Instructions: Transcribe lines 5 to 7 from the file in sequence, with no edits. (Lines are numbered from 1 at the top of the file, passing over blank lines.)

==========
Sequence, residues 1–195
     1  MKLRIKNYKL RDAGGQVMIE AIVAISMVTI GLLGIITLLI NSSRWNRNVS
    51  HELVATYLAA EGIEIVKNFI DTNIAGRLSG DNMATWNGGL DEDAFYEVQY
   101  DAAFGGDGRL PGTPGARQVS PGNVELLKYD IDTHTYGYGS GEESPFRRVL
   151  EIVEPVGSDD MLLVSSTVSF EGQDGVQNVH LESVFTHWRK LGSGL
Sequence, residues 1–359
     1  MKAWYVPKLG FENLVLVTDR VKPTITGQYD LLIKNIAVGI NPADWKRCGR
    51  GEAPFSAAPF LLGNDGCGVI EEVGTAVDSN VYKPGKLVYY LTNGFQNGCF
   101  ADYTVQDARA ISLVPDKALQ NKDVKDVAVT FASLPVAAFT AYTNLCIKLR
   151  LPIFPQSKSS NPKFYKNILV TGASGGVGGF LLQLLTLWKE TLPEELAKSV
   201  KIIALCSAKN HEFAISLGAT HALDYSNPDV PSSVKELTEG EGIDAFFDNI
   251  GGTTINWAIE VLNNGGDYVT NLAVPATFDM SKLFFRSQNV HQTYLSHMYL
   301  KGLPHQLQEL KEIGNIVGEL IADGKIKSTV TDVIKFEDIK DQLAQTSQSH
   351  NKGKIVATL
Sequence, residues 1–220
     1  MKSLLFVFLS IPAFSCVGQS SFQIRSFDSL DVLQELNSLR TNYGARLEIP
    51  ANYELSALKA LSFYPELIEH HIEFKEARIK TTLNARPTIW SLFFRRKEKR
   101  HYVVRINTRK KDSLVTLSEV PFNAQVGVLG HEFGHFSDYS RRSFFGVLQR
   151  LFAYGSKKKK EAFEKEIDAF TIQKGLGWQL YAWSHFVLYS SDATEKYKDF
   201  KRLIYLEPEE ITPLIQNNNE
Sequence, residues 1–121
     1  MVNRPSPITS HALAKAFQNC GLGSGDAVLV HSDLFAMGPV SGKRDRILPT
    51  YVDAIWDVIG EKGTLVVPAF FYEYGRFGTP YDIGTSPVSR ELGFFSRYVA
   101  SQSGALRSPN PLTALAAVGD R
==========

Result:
   151  EIVEPVGSDD MLLVSSTVSF EGQDGVQNVH LESVFTHWRK LGSGL
Sequence, residues 1–359
     1  MKAWYVPKLG FENLVLVTDR VKPTITGQYD LLIKNIAVGI NPADWKRCGR